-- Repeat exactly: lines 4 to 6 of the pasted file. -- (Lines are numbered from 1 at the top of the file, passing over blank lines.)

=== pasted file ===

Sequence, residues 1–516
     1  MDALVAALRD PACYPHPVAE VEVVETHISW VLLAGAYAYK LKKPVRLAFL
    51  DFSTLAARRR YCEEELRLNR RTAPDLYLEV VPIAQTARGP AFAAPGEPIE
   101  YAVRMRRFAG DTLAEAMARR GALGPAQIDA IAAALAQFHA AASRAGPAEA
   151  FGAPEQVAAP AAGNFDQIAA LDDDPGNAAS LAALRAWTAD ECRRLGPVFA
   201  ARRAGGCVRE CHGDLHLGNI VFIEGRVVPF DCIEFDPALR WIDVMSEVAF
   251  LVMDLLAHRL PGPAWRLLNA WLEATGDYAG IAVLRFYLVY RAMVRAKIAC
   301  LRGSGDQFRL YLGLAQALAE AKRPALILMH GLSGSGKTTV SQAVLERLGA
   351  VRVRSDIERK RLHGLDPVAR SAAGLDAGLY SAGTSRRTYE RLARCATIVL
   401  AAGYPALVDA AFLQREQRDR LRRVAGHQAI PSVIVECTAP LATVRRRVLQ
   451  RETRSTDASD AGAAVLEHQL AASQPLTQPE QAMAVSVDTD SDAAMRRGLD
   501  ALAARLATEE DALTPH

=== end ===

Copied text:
   101  YAVRMRRFAG DTLAEAMARR GALGPAQIDA IAAALAQFHA AASRAGPAEA
   151  FGAPEQVAAP AAGNFDQIAA LDDDPGNAAS LAALRAWTAD ECRRLGPVFA
   201  ARRAGGCVRE CHGDLHLGNI VFIEGRVVPF DCIEFDPALR WIDVMSEVAF